Amish: A Secret Life

With the global economy getting worse by the day, international conflict never ceasing and Carly Rae Jepsen dominating our airwaves, now seems like no better time than to shun the evils of the modern world and look back to simpler times. Last night's documentary on the Amish by the BBC, certainly makes simple living look  like all kinds of fun. 

Miriam and David Lapp are 'Old Order' Amish. They see electricity as a distraction, and therefore rarely use it. They travel in a horse-drawn buggy, even if it means a trip to the bank takes 3 hours. Miriam thinks it perfectly right for a wife to be submissive to her husband, and also finds that when it comes to disciplining her children, there are few better ways in achieving results than with the 'rod' (A wooden spoon with a smiley face drawn onto it used against her children's bottoms.) 

However the Lapps have a secret. They mingle with excommunicated Amish (a big no-no in the Old Order rule book), and have re-baptized themselves (again, a serious misdemeanor though I'm not entirely sure why), they call themselves Amish-Christian and have chosen a more accepting, evangelical stance to their religion. This is why they agreed to being filmed, as technically the Amish should never be photographed.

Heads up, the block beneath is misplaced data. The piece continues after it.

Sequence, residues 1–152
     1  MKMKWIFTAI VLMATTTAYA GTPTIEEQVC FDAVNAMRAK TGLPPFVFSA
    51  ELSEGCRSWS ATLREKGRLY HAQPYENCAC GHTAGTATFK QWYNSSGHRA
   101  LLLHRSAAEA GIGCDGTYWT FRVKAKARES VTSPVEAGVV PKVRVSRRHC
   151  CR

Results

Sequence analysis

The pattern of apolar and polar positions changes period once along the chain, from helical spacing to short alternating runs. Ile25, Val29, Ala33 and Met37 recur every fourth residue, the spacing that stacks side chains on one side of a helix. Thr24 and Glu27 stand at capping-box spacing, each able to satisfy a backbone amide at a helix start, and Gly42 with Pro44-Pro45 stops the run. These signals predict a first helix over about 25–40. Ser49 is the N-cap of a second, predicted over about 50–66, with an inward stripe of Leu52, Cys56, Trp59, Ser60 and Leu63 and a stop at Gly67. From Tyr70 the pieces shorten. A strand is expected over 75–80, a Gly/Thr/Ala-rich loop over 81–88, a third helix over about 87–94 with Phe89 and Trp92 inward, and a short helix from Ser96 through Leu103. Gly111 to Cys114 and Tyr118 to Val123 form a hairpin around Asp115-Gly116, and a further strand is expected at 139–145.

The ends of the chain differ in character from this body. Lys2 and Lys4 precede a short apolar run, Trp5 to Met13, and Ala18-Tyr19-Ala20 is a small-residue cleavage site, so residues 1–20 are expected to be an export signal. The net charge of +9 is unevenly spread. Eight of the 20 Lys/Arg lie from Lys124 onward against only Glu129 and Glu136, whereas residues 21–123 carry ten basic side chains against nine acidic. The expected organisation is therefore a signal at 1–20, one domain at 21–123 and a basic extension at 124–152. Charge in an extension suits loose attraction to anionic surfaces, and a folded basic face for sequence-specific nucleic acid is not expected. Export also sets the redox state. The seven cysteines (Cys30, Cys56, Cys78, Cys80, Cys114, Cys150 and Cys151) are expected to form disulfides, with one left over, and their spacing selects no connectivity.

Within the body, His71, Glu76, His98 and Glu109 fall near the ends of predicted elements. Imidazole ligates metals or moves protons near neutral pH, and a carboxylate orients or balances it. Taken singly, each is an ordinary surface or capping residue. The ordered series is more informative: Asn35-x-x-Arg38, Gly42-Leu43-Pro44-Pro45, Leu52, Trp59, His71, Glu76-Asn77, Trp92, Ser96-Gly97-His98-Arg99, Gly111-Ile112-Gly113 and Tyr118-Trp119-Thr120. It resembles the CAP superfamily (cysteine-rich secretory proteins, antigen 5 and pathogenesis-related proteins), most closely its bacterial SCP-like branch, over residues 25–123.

The documentary was fantastically illuminating, and never judgmental. All too often essays (filmed or written) on somewhat extreme approaches to spirituality (especially American spirituality) have a sense of prejudice and bias that belittles the subjects. However, Lynn Alleway and her crew are determinedly respectful of the Lapps and seldom push them into probing corners.  

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